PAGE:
- Ten new cases of BSE were found in the national herd
this week bringing the total to 167 for the first five months this year,
the Department of Agriculture said yesterday.
- Ireland has now had over 1,000 cases of bovine spongiform
encephalopathy since the disease was first identified here in 1989, three
years after the disease was uncovered in Britain.
- All of the 10 new cases were born after 1997 when the
ban on feeding meat and bonemeal to cattle became fully operative with
the segregation of cattle and pig ration milling in the Republic.
- There were two six-year-old animals with the disease
discovered this week in herds in Wicklow and Tipperary. There were three
seven-year-oldsfound at farms in Cavan, Cork and Offaly. One eight-year-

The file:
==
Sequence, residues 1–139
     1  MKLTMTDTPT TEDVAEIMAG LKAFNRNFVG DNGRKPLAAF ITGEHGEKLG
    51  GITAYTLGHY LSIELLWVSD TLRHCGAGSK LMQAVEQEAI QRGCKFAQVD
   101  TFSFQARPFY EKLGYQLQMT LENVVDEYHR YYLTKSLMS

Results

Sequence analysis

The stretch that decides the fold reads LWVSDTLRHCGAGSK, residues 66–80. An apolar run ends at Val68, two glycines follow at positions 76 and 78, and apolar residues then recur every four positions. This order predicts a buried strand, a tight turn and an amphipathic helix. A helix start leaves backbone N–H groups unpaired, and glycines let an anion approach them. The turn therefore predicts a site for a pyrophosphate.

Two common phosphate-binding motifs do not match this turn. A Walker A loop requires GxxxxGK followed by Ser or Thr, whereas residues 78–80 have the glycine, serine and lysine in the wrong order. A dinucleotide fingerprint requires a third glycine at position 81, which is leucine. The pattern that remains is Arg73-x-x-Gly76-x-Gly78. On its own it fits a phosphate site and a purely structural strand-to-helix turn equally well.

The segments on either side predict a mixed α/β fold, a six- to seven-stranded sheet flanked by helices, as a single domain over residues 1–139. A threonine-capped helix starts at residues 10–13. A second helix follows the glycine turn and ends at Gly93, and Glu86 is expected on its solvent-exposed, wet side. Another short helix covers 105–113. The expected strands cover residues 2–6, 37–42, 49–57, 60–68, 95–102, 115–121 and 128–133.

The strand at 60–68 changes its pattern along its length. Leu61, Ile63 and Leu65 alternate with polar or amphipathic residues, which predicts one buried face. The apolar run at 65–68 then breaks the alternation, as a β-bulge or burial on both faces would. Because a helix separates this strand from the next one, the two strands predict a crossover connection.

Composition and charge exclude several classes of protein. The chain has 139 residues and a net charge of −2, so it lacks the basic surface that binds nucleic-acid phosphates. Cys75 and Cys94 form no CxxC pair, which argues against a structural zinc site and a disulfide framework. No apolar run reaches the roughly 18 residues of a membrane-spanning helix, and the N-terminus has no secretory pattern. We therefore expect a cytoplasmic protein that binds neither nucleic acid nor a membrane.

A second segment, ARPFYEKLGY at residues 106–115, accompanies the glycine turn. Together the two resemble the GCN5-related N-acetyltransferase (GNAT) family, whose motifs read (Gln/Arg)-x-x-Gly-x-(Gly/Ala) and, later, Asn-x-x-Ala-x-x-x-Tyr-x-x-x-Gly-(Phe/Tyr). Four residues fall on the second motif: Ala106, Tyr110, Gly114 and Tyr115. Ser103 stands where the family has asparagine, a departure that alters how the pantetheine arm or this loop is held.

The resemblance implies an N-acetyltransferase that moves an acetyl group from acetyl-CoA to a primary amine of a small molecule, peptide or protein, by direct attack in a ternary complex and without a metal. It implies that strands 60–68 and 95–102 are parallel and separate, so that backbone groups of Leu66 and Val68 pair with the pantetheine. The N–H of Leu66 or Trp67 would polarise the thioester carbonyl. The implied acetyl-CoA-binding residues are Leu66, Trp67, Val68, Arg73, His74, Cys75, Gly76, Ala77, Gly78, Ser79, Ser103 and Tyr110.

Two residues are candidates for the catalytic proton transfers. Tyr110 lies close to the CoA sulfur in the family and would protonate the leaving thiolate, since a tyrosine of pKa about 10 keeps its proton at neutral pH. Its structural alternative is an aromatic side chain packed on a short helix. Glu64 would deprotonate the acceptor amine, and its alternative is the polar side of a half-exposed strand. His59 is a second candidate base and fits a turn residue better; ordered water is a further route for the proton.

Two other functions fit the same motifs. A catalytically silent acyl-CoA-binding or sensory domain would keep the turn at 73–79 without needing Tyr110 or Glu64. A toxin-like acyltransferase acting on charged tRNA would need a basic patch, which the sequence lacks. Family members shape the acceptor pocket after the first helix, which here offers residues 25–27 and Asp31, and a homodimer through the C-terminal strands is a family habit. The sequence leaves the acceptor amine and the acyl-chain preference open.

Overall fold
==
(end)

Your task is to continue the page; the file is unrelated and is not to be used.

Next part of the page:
old animal was found in Meath, and three nine-year- olds were found in
herds in Monaghan, Wexford and Louth.
- A 10-year-old cow was found in a Co Cork dairy herd.
- Five of the cases were found by the traditional means
of passive identification on farms and the remaining animals were identified
when tested at knackeries, where they had been taken as casualty or ill
- A spokesman for the Department stressed that the underlying
trend in BSE cases remained positive and the increasing age profile of
animals was clear evidence that the enhanced controls put in place in 1996
and early 1997 were proving effective.
- The incidence of the disease, said the Department, was
expected to decline as older animals work their way out of the national